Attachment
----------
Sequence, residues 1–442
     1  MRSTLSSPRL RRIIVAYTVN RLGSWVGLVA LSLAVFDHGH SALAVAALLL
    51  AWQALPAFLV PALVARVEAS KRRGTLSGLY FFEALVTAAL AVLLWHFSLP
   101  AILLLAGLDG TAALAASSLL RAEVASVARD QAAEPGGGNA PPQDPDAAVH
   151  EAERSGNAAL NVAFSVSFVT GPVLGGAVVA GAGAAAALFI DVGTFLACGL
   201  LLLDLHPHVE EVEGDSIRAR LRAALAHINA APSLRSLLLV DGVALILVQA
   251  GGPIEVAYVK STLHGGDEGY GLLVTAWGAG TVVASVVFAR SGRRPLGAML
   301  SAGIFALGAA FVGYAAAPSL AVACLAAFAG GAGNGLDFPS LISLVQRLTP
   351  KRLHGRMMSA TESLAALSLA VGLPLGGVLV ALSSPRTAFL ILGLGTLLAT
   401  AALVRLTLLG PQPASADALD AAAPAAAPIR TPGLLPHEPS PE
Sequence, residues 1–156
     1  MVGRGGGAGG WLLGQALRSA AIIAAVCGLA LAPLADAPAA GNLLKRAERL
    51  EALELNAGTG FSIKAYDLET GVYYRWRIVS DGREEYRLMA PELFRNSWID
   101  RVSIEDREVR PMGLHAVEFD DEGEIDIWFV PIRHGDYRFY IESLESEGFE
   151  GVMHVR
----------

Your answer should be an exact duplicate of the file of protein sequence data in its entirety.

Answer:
Sequence, residues 1–442
     1  MRSTLSSPRL RRIIVAYTVN RLGSWVGLVA LSLAVFDHGH SALAVAALLL
    51  AWQALPAFLV PALVARVEAS KRRGTLSGLY FFEALVTAAL AVLLWHFSLP
   101  AILLLAGLDG TAALAASSLL RAEVASVARD QAAEPGGGNA PPQDPDAAVH
   151  EAERSGNAAL NVAFSVSFVT GPVLGGAVVA GAGAAAALFI DVGTFLACGL
   201  LLLDLHPHVE EVEGDSIRAR LRAALAHINA APSLRSLLLV DGVALILVQA
   251  GGPIEVAYVK STLHGGDEGY GLLVTAWGAG TVVASVVFAR SGRRPLGAML
   301  SAGIFALGAA FVGYAAAPSL AVACLAAFAG GAGNGLDFPS LISLVQRLTP
   351  KRLHGRMMSA TESLAALSLA VGLPLGGVLV ALSSPRTAFL ILGLGTLLAT
   401  AALVRLTLLG PQPASADALD AAAPAAAPIR TPGLLPHEPS PE
Sequence, residues 1–156
     1  MVGRGGGAGG WLLGQALRSA AIIAAVCGLA LAPLADAPAA GNLLKRAERL
    51  EALELNAGTG FSIKAYDLET GVYYRWRIVS DGREEYRLMA PELFRNSWID
   101  RVSIEDREVR PMGLHAVEFD DEGEIDIWFV PIRHGDYRFY IESLESEGFE
   151  GVMHVR